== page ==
The international market for trading exchange rates between the currencies of different countries (regions). The foreign exchange market is huge, with transactions reaching US$5 trillion per day, making it the world's largest and most important financial market.

Fractional Share

A fractional share is a portion of one full share. You normally can’t buy fractional shares, but you may end up with them as a result of stock splits or dividend reinvestment plans. However, brokers can batch fractional shares together to create whole shares which can then be bought or sold


FTSE stands for the Financial Times Stock Exchange. The FTSE indexes are owned by FTSE Russell, part of the London Stock Exchange Group. The best known indexes are the FTSE 100, made up of the largest 100 companies trading on the London Stock Exchange, and the FTSE 250, made up of the next largest 250 companies on the exchange.

Full Replication

In investments, full replication refers to a type of physically replicated ETF that holds equities in all of the constituents of the benchmark it is designed to track.

Fundamental Analysis

A method of determining the value of a security or commodity by analyzing the various fundamental factors that affect it. Fundamental analysis focuses on the economic substance behind a security or commodity, predicting future price movements by analyzing the various economic, financial and other factors that affect its value.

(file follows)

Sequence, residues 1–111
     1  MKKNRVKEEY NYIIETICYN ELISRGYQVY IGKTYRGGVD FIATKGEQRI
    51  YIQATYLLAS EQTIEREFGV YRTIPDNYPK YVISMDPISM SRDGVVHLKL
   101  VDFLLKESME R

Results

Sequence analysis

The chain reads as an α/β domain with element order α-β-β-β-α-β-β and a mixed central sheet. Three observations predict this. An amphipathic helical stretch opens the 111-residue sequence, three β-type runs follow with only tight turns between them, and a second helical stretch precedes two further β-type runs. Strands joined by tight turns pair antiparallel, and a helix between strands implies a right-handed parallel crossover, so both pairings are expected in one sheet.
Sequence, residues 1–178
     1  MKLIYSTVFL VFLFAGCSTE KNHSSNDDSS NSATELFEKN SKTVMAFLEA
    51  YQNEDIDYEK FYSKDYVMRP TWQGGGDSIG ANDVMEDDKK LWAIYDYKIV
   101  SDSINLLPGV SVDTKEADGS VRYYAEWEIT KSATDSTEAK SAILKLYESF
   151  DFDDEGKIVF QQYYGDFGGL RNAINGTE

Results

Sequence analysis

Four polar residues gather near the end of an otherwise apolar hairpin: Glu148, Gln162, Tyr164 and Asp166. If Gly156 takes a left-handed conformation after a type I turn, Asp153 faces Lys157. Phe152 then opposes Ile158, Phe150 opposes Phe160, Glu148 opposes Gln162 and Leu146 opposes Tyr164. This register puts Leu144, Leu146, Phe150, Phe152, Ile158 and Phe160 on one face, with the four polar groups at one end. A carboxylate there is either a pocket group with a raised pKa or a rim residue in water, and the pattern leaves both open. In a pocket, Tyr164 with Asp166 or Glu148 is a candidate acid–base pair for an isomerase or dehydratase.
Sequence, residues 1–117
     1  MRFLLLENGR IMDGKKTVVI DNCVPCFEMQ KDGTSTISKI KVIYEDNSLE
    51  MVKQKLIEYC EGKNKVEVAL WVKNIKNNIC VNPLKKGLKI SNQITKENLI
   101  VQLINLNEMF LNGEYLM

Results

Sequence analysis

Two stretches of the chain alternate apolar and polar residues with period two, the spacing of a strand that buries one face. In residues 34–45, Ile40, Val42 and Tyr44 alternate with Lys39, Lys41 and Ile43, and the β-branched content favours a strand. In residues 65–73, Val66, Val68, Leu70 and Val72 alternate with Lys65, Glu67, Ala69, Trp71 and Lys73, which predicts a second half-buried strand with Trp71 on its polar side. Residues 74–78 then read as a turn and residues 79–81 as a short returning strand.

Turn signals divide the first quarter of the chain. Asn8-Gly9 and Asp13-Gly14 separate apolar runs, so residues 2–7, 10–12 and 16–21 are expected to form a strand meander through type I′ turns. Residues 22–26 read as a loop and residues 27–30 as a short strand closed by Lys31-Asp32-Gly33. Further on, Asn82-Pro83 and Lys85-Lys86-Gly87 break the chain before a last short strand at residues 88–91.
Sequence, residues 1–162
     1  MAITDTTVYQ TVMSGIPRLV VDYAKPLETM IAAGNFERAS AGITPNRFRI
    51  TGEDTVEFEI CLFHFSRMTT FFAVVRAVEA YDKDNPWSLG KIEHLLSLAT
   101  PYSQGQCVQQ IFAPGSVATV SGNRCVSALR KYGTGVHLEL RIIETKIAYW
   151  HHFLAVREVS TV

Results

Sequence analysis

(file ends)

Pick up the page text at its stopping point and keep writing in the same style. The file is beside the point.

Funding Charges

Funding charges, or interest charges, are the fees levied on leveraged positions that are held open overnight.

Futures Contracts

An inter-temporal transaction in which a buyer and seller agree to take delivery of a specified quantity of spot at a specified time, price and other trading conditions by entering into a contract



Gamma is a term used in options trading to represent the rate of change in the option’s delta.


GDP is the core indicator of national economic accounting and an important indicator of the economic status and development level of a country or region.

Gearing Ratio

A gearing ratio is a measure used by investors to establish a company’s financial leverage. In this context, leverage is the amount of funds acquired through creditor loans – or debt – compared to the funds acquired through equity capital.

Grey Market

By taking a position on a grey market, you’re taking a position on a company’s potential market cap ahead of its initial public offering (IPO). The price of a grey market is a prediction of what the company’s total market capitalisation will be at the end of its first trading day.